AAAU publishes gender gap statistics by state

style-not-equal-hiThe American Association of University Women (AAAU) has published a set of statistics on the subject of the gender gap in pay in this country.

The figure for Virginia (pdf) is 78 cents on the dollar. That’s $0.78 earned by a woman while a man earned a dollar. For doing the same work.

The most recent data available is from 2011, so there is an outside chance the disparity has shrunk. I am not holding my breath. The idea that women in this country are devalued every workday is a ludicrous one. Here we are, solving all kinds of complex problems: the environment/energy problem, the gene-splicing problem, the violence problem. You mean to tell me that the value of a worker is less because that person happens to be a woman?

To me, this makes the least sense of any of the discrimination we see every day. No wonder women and men are pushing hard for legislation that will correct this problem. The ideology of sexism is the least defensible. As usual, in the past, the powers that be could stop women from voting, from owning property, from going to the school of their choice, and here we are arguing about allowing this to continue, in 2013.

Women have had to fight bias since the beginning of time. Let’s welcome them to the community of equals. Now.

Advertisements

10 thoughts on “AAAU publishes gender gap statistics by state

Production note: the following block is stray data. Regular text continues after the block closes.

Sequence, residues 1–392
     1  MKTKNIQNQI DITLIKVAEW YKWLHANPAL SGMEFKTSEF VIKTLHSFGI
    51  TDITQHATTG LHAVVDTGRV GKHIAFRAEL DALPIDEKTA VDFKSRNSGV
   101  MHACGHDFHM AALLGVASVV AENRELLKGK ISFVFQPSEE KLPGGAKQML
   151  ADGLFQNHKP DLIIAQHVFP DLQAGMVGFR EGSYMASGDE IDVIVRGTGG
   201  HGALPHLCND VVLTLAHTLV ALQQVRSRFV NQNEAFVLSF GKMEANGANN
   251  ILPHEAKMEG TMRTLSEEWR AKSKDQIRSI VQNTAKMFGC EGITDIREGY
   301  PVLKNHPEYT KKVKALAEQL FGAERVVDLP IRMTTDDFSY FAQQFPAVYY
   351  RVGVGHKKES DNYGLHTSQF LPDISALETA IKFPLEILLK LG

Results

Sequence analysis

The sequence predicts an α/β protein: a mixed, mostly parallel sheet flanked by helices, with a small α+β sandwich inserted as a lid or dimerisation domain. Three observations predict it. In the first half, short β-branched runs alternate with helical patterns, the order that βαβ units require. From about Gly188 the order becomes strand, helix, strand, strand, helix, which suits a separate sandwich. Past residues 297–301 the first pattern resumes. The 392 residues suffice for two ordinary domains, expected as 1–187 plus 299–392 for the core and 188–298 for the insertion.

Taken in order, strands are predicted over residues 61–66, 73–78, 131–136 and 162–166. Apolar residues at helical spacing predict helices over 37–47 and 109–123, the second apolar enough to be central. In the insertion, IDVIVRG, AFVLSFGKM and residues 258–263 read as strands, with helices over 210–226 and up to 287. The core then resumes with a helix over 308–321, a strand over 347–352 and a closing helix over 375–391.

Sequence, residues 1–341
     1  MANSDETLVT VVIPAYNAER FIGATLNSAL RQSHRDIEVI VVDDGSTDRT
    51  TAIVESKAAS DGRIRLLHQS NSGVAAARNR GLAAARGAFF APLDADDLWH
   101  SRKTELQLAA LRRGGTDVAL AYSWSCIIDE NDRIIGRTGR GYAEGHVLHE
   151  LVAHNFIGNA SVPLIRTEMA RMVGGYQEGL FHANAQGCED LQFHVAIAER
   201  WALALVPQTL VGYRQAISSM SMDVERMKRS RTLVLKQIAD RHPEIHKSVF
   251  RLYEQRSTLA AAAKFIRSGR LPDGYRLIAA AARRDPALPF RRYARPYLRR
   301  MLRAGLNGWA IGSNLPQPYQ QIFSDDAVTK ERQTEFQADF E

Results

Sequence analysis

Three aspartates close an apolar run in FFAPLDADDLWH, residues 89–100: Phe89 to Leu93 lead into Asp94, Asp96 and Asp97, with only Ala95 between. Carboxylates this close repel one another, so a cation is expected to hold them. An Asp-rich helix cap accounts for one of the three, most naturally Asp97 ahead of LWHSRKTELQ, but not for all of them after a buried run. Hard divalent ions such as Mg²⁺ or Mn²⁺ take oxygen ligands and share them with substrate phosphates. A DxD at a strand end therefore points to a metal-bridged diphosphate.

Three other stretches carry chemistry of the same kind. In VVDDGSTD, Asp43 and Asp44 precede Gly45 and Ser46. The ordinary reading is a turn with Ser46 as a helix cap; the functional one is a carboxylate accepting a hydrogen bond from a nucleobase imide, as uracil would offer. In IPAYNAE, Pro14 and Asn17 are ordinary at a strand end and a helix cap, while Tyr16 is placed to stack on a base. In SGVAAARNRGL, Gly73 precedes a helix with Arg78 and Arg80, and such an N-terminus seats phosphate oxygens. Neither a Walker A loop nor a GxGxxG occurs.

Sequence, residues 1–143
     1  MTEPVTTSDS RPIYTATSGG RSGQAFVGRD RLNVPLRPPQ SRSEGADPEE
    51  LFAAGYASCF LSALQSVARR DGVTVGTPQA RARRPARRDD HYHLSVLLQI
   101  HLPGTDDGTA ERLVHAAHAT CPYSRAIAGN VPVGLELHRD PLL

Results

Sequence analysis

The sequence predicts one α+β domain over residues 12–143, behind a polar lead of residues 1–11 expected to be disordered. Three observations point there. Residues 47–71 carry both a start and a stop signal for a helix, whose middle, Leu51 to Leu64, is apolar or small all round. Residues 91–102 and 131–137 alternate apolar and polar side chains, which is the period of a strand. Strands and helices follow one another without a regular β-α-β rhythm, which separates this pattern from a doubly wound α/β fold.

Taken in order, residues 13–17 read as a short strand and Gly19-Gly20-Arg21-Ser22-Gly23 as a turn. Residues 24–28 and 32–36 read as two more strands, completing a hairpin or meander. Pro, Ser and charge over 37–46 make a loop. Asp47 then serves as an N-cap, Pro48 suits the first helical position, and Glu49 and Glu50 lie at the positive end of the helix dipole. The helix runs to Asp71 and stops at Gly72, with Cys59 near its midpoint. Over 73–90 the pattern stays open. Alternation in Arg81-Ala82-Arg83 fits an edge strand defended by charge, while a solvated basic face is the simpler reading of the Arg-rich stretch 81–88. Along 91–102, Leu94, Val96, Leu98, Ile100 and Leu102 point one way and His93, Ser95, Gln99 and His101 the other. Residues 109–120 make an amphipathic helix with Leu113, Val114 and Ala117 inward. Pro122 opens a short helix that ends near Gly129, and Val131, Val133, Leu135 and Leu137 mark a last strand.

1. Please re-read the Virginia statistics and correct your post. AFTER correcting for hours worked, job chosen, etc., the pay gap is down to 7 cents, not 22. The 22-cent figure is BEFORE those corrections.

  2. Some research also shows that gap, at this point in history, has more to do with women than it does with their employers. For example men are statistically more demanding about pay, while women are, statistically, are less likely to be as assertive as men when it comes to demanding more money and more likely to take a job paying less money (IE when the husband already has a good paying job). Also when you consider, like Warren pointed out, differences in job types, it makes sense that some women get paid less than some men for the same job. If the job entails physical labor, statistically and biologically, on average, women are less physically able then men, so a male in the same field would have a higher chance of getting paid more for the “same job.”

    No legislation is going to equalize pay completely. Regardless of gender, race, whatever, some people simply deserve more money than someone else for doing the exact same job simply because they are better at it. Given biological, cultural, and geographic factors those discrepancies are unavoidable.

    1. First you said differences in job types, then you said ‘exact same job’. I am pretty sure the AAAU study compared closely comparable jobs within many categories to come up with their conclusions.